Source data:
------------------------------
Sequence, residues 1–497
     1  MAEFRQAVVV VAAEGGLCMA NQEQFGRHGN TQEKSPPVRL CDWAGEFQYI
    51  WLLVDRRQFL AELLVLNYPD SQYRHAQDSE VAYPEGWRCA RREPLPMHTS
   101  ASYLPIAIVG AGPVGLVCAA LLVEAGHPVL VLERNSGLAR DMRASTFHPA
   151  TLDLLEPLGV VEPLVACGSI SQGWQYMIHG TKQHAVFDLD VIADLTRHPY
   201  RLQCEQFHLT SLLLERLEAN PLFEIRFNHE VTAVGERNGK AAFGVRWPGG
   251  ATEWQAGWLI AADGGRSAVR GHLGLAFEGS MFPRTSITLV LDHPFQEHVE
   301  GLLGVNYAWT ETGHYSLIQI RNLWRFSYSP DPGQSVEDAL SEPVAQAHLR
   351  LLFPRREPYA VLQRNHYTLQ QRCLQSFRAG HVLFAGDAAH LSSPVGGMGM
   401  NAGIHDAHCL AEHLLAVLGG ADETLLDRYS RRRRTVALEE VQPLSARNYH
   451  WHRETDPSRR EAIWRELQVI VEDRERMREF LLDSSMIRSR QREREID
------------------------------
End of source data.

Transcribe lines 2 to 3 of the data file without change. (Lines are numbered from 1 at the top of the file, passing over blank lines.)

     1  MAEFRQAVVV VAAEGGLCMA NQEQFGRHGN TQEKSPPVRL CDWAGEFQYI
    51  WLLVDRRQFL AELLVLNYPD SQYRHAQDSE VAYPEGWRCA RREPLPMHTS